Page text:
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Friday, April 27, 2012

It's Fiction, I SWEAR!

I went out with a friend for dinner last night. Said friend had recently finished reading Searching the Skies, and I was eager to hear his thoughts. Part of the book deals with the main character's issues with her parents, specifically her mother. In our discussion of the book, my friend told me he had been wondering if my writings had granted him an insight into the relationship between me and my own mother.

It didn't. In fact, I think my words to him were, "No, I pulled that bit of plot out of my butt." (I'm a classy woman.) My mom and I are actually really close. Don't get me wrong, we've had our screaming fights before (find me one mother/daughter duo who hasn't), but we usually get along very well. I am extremely lucky in that both she and my father have always been 100% supportive of everything I've done.

In thinking it over more, I guess it was a pretty awesome compliment. Apparently, I wrote this strained relationship so well, my friend thought it was based on truth. In the past, I've been asked how much of the characters I write is based on myself, and the answer varies. I think it's inevitable that some of the author will leak out into the characters/plots/situations, but I can clearly recall plenty of occasions where I've written a protagonist I don't think is anything like myself, or times when my main character reacts in a way that is the opposite of what I would have done.

Don't get me wrong. I think I'm awesome. I like myself (probably a bit too much, no self-esteem problems over here). I think I lead a pretty decent life. All these things are good, but where's the fun in writing about that? Even if I like being myself, it's a good challenge to imagine being other people, people who are nothing like me in places that are nothing like my own little bubble of a world. Regardless of whether they're suffering through drama or living happily ever after, stabbing an enemy in the face or sipping tea by the fireplace, the different personality traits are what makes it interesting. If I'm really lucky, it's not only interesting to me, but the readers as well.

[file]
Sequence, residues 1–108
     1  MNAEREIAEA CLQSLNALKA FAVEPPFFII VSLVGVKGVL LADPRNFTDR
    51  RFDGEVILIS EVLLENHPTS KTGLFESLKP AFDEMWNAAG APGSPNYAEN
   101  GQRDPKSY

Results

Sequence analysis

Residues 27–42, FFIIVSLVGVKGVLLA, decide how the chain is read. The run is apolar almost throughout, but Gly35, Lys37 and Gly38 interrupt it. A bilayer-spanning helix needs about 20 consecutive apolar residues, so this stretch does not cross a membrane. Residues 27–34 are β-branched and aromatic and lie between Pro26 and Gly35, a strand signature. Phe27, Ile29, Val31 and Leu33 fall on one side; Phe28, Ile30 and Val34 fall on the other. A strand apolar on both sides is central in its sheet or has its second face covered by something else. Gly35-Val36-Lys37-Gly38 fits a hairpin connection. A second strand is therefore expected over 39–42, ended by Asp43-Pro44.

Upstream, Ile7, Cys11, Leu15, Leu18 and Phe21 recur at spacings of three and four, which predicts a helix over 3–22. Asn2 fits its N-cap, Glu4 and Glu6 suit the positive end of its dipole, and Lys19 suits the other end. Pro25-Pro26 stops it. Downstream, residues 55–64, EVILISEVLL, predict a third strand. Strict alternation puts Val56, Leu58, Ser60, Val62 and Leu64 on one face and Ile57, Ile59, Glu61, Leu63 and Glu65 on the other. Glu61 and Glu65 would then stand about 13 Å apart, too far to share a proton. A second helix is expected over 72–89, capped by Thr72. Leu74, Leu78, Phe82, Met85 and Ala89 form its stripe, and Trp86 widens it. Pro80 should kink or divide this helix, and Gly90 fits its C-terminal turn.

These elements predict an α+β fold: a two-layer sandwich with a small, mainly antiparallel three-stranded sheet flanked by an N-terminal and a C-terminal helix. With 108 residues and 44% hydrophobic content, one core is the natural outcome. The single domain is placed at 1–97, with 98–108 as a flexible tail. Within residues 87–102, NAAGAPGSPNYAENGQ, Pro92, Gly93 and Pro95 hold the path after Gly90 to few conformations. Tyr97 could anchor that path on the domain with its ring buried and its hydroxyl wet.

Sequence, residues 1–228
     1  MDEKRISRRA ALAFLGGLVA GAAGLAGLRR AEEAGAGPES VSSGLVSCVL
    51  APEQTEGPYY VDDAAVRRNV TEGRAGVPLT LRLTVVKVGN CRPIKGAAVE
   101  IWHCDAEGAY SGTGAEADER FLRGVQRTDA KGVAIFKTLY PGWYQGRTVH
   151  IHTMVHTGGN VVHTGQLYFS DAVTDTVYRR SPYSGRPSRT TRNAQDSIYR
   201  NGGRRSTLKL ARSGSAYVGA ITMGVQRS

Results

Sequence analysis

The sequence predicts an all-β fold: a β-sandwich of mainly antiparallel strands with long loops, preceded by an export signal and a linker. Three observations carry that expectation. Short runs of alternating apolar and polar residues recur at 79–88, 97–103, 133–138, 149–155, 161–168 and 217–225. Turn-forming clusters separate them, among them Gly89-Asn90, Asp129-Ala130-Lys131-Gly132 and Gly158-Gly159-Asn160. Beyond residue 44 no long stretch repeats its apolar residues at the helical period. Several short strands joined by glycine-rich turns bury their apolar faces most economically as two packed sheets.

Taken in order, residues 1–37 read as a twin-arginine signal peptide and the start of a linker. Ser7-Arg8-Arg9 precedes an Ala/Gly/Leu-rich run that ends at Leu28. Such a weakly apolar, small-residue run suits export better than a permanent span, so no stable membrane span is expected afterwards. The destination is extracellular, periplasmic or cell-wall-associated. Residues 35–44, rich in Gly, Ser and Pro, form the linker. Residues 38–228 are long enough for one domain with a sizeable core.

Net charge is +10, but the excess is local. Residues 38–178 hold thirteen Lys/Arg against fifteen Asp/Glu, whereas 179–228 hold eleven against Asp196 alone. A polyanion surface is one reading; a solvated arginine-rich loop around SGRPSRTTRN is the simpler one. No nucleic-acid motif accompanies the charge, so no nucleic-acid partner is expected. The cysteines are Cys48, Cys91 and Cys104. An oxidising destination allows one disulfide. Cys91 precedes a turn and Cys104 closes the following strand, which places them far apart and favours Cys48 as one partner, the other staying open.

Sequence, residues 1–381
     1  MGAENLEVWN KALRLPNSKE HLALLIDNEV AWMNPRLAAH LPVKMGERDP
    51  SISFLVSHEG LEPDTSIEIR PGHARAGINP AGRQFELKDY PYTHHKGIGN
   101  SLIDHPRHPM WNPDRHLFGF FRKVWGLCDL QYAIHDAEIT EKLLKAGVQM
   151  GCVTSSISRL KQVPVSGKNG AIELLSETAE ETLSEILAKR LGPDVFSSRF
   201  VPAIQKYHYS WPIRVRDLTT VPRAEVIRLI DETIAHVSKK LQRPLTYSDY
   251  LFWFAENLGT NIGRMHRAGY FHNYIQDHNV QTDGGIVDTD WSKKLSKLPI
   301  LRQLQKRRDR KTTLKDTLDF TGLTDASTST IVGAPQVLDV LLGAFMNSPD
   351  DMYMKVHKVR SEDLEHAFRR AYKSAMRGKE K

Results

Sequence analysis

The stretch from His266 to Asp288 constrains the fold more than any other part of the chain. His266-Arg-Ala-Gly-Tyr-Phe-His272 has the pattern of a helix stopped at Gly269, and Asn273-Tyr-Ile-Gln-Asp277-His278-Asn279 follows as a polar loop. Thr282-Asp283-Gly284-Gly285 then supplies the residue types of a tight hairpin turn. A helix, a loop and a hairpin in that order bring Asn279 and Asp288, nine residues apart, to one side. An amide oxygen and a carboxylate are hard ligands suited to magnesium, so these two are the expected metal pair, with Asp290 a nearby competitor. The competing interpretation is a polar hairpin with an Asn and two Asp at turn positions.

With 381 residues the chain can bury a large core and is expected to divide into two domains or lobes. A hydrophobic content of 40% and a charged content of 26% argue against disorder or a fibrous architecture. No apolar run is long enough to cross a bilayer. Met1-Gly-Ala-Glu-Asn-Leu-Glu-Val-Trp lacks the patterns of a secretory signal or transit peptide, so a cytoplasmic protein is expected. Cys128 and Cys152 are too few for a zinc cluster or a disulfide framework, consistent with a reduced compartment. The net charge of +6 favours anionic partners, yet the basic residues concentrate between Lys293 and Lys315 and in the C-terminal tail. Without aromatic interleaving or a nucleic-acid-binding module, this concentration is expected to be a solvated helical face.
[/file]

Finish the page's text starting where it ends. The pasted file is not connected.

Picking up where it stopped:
I've written characters with a large number of siblings, yet I'm an only child. I've written from the point of view of men, yet I am decidedly female. And let's be honest here - while I like writing about strong, ass-kicking women, were I in some of the positions I've put my characters into, my reaction would be to hide under the couch. Tears and pants-wetting would probably be involved.

Maybe, as is frequently the case, I'm approaching this the wrong way. Maybe instead of writing who we are, we write who we want to be. We write about the places we'd like to find ourselves in and the people we want to surround us. Not all the time, of course, as I think that could also get dull. Plot thrives on conflict and drama, and if our own idea of utopia is set up from the first page and stays perfect, I doubt readers would want to continue reading. Perhaps it's in the responses to and handling of that conflict in which we project how we want all our problems to be solved.

My next project is going to have a lot of shady characters and not very likable people. The heroes may do some not-so-nice things. I don't really want to be any of them. (I know, I just contradicted a lot of the previous paragraph.) Even so, there's bound to be a little "me" in there, even if it's just in how a character faces adversity in an admirable way, because that's the way I want my world to work. Not everything's going to have a happy ending, but if I write about the realists accepting that simple fact, I've already inserted myself into the story.

Oh, and any time a character says something especially witty or snarky? That's me all over.

1 comment:

  1. I totally agree - I think we write both what we know and what we would like to know/be. & I love witty and snarky, so that is definitely something good to include in your writing in my opinion ;)